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`R_S = (2* G * "M" ) / c^2`

Enter a value for all fields

The **Schwarzschild Radius **calculator computes the Schwarzschild Radius based on the mass (M) of the object (e.g. black hole), the speed of light and the universal gravity constant.

**INSTRUCTIONS**: Choose units and enter the following:

- (
**M**) Mass of Star (or other celestial object)

**Schwarzchild Radius (R _{s}):** The calculator returns the radius in meters. However, this can be automatically converted to compatible units via the pull-down menu.

The formula for the Schwarzschild Radius is:

where:

- R
_{s}is the Schwarzschild radius - G is the universal gravity constant
- M is the mass of the celestial object.
- c is the speed of light

The Schwarzchild Radius, R_{S}, is the radius defining the maximum size of a star necessary to create a black hole. In other words, a mass must collapse to a size having a radius **smaller** than this radius to become a black hole.

Any mass with a radius less than the Schwarzchild Radius will have an escape velocity greater than the speed of light, so even light cannot escape it's gravitational grasp. The Schwarzchild Radius also defines the sphere sometimes referred to as the Event Horizon. Since light cannot escape from a black hole, a Star of this dimension has a spherical surface inside of which we cannot see events occurring.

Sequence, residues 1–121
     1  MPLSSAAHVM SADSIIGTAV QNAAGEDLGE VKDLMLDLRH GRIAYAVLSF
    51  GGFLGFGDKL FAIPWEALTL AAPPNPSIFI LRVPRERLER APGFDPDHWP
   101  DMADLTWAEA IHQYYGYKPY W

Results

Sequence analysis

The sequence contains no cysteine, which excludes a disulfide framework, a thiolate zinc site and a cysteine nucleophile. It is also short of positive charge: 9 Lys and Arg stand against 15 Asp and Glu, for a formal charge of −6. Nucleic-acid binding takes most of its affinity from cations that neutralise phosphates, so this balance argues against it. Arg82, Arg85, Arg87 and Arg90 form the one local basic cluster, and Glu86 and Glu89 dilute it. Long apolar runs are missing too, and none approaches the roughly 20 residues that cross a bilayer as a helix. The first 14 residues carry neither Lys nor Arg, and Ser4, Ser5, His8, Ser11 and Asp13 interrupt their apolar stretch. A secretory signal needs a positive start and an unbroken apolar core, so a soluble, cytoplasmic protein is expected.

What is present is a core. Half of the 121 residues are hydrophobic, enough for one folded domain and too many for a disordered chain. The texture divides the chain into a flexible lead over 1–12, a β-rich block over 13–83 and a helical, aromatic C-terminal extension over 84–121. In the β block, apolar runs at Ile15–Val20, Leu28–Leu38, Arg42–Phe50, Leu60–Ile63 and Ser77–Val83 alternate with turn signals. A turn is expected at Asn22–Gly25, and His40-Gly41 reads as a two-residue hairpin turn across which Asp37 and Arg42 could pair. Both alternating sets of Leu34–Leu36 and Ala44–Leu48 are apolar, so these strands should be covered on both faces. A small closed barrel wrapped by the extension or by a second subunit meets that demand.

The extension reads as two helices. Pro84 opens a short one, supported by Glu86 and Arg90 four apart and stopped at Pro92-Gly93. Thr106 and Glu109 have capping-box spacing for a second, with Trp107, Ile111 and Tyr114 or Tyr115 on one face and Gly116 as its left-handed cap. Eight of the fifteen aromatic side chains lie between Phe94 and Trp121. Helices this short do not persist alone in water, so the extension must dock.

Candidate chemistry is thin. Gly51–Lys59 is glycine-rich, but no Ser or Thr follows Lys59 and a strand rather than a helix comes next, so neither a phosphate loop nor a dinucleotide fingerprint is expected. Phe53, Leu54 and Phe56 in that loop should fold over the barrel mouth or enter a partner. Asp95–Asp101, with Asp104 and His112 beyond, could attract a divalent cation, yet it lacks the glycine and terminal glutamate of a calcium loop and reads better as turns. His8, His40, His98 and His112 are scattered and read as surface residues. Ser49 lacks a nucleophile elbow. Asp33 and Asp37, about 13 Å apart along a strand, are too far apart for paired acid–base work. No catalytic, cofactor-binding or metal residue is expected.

Input to this equation is** M**, the mass of the star.

Current theory suggests that a burned-out star of approximately three times the Sun's mass will collapse under its own gravity and form a black hole. This equation then suggests that such a star, once collapsed, would have an event horizon of less than 6 miles (less than 9 kilometers).

So, what then would be the approximate density of such a three-solar mass black hole? Greater than `2E^18 "kg"/m^3`. That's more than 100,000,000,000,000 times denser than gold.

- Schwarzschild Radius
- Escape Velocity
- Mass of a Black Hole
- Density of a Sphere
- Mass of a Sphere
- Kepler's 3
^{rd}Law formula T² = (4π • R³)/(G • M) - Small Angle Formula
*Small Angle Formula**α = S / D* - Flux and Magnitude formulas
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- Mass formulas
- Relative Size Formulas
- Wavelength Formulas
- Luminosity and other Formulas

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